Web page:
How To Make Wool Dryer Balls

So I have been telling you to SAVE ALL YOUR YOUR WOOL SCRAPS for a cool project.

Well, here is the cool project.
Wool Dryer Balls

Have you ever used a dryer ball or even heard about wool dryer balls?

Last year I stopped into a cute, quaint little shop of handmade organic items, and they were selling sets of dryer balls.  I was intrigued for a few reasons.

  • First, they were made of 100% wool yarn (you know how I love wool stuff).
  • Second, because they had scented the balls with lavender oil (another one of my loves).
  • Third, I love the idea of saving time, money and avoiding chemicals whenever possible.

I bought a set of four very small balls, which cost me like $18.00.

I was excited to go home and do some laundry and give them a spin.  After doing a little research, I found out that the more balls you have, the faster and more effective they are.  I just had four small balls, which I could tell a big difference in drying time, but not much with the static thing. I noticed the more balls I had the better it did with static. I now use 6-10 balls.  Small loads do fine with just four.

I went out and bought a few scanes of 100% wool yarn and made a few more. I soon found out that it took a lot of expensive yarn to make these babies.  Now I know why they are not cheap to buy.  I got thinking and came up with this great solution, wool sweater scraps!  Using the scraps saves you a TON of yarn.  I was able to make double or even triple the amount of balls using the scraps as the center portion.

Before I go into how to make the dryer balls, I want to share the benefits and purpose of using them.

  • No chemicals, perfumes, unnatural additives that are in dryer sheets.( This is just one of the many articles found telling how dangerous these sheets really are).
  • They pull the moisture out of your
    clothes so you don’t have to run your dryer as long, saving you time and
  • They reduce static, not totally but do a pretty good job.
  • They soften your clothes by the gentle friction of the felted wool fibers against your clothing fibers.
  • I have heard they are FABULOUS for cloth diapers! They keep them soft and
    clean without the harmful chemicals in conventional dryer sheets.
  • Lower energy bills!

Here is the scoop on how to make these fuzzy little laundry buddies.   It is EASY PEASY!
All you need is:

  • skein of 100% wool yarn (NOT wool labeled “superwash” or “machine washable”)
  • pantyhose
  • blunt-tipped needle or crochet hook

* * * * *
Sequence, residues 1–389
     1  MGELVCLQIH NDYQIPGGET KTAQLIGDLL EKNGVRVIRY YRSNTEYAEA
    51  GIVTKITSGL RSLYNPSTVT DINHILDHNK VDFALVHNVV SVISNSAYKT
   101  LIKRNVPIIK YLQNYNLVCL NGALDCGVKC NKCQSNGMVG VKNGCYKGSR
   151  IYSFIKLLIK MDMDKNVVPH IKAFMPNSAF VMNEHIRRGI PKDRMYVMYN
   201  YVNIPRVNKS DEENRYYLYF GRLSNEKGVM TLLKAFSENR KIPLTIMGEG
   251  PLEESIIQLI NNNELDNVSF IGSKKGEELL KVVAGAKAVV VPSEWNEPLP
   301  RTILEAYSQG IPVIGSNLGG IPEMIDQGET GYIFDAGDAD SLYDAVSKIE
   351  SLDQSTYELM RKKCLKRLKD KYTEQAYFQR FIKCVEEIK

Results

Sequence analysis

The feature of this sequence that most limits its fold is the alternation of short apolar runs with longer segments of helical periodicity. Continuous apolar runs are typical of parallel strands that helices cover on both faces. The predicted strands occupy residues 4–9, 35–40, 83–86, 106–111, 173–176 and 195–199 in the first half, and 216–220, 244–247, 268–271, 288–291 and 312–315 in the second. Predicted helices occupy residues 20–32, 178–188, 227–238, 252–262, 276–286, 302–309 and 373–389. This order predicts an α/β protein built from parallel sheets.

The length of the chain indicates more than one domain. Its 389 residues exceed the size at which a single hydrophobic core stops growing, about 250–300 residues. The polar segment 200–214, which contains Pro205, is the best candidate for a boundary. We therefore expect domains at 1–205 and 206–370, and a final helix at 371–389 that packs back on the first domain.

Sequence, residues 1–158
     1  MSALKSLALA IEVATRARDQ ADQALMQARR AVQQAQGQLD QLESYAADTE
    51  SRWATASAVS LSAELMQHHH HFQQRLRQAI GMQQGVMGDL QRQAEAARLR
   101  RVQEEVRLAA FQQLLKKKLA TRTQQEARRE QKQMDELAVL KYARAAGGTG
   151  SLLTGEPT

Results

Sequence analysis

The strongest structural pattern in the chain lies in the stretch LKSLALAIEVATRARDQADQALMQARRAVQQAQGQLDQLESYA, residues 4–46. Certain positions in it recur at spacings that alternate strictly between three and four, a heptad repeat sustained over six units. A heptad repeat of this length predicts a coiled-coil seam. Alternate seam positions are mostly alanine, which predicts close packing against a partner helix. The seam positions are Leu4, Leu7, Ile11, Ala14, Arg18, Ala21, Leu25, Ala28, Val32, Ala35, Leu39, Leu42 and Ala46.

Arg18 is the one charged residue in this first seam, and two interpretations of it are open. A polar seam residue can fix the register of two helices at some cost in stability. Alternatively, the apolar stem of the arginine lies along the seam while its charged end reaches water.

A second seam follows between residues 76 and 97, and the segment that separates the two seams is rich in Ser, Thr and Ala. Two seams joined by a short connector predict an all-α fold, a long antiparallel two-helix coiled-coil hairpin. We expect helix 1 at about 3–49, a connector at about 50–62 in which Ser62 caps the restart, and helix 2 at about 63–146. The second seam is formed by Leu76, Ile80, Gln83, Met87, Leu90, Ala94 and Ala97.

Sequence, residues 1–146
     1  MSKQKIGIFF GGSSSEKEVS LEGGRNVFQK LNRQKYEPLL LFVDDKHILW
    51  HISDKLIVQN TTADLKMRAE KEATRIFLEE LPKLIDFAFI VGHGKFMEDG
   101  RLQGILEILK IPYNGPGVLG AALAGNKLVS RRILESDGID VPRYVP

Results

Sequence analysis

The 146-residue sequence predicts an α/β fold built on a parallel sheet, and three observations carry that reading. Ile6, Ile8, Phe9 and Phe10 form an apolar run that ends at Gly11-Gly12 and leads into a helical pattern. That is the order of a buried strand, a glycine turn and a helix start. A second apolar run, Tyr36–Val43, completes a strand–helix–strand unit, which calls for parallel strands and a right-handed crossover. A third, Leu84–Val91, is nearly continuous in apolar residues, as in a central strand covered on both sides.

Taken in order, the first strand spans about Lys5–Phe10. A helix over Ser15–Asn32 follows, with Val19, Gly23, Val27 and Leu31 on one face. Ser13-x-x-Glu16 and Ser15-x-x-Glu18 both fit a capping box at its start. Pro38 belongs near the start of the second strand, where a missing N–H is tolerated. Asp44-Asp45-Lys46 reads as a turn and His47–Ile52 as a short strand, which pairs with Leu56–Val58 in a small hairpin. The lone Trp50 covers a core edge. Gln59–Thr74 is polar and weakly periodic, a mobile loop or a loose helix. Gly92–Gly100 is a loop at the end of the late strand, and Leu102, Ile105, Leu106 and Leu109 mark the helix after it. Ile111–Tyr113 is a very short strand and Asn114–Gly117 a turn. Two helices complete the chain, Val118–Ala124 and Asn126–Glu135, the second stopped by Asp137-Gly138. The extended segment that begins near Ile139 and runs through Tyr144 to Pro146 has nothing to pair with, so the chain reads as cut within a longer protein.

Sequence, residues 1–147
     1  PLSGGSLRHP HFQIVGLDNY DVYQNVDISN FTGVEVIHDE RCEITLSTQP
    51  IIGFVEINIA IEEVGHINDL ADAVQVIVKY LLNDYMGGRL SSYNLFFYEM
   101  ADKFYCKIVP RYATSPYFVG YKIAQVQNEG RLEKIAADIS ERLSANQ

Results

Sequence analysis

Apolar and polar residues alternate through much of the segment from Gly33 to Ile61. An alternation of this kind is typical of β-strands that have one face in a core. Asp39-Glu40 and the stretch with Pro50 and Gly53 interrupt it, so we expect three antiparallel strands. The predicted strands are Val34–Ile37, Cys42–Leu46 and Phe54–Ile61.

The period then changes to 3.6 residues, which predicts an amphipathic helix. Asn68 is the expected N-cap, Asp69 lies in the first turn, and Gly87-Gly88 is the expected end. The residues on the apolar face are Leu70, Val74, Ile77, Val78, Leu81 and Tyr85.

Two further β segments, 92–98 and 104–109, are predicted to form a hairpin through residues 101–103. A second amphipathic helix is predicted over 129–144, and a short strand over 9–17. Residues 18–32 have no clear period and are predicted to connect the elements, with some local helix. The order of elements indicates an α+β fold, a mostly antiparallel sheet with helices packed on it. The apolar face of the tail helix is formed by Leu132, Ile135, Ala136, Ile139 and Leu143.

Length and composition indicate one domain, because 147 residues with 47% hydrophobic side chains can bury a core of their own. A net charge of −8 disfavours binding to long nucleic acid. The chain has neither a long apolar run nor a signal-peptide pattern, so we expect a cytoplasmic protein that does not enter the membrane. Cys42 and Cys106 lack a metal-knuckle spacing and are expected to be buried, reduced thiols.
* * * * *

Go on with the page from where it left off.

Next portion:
• scissors
  • string or cotton/acrylic yarn (to secure the wool ball in the pantyhose)
Use 100% wool yarn.  Do not buy yarn that says “machine washable” or “superwash” they will not felt. (shrink)


Gather up a hand full of 100% wool sweater scraps.


Scrunch them up into a little tight wad.  Take the yarn and start wrapping it tightly around the scraps.


Keep wrapping, moving the ball around to get an even wrap.


Once the ball is to the size you would like,  (I like to make them the size of a tennis ball) cut the yarn.


Stick a crochet hook into the ball, attach the yarn and pull it through.  This will keep the ball from unraveling in the felting process.
After you have made a few balls, stick them into the toe of a nylon stocking.


Tye tightly in between each ball with string, or cotton/acrylic yarn. (Don’t use wool yarn or it
will felt around the pantyhose.) Tie off the end.


Throw the yarn ball caterpillar into the wash with a load of towels.  Use the hottest setting possible in the washer and dryer.

Remove balls from pantyhose.  Some types of wool
yarn will not felt well on the first try. You may need to repeat the
washing and drying cycles up to 3 or 4 times. You’ll know felting has
occurred when you can gently scrape your fingernail over the ball and
strands do not separate.

I just keep my dryer balls in the dryer, or you can store them in a basket on top of your dryer.

If you want to lightly scent your laundry and make your clothes smell yummy, you can add 1-2 drops of
your favorite essential oil to each ball before throwing in the dryer.  You will not have a problem with the oil staining your clothes if you are using a high quality essential oils.

*Just a tip:  You might find you are missing a few balls here and there. Check your fitted sheets or sometimes they fall out of the dryer when you are pulling the clothes out.  My dog loves standing by when I am unloading the laundry, he thinks it game time!

A set of these laundry balls, make a great gift!



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  • jenSeptember 9, 2013 - 1:17 pm

    that is a GREAT idea! i cannot bear to part with felted/fulled sweater scraps, so this would be a good way to use them.


    • Jan HowellSeptember 9, 2013 - 1:51 pm

      Jen, I am the same way. These little scraps make great tags on sewing projects, and cut outs to embellish all kinds of projects. Have you seen the felt flower tutorial on my blog? Another fun thing to use up your tightly felted sweater pieces.
      Thanks for the comment, have a wonderful week.ReplyCancel

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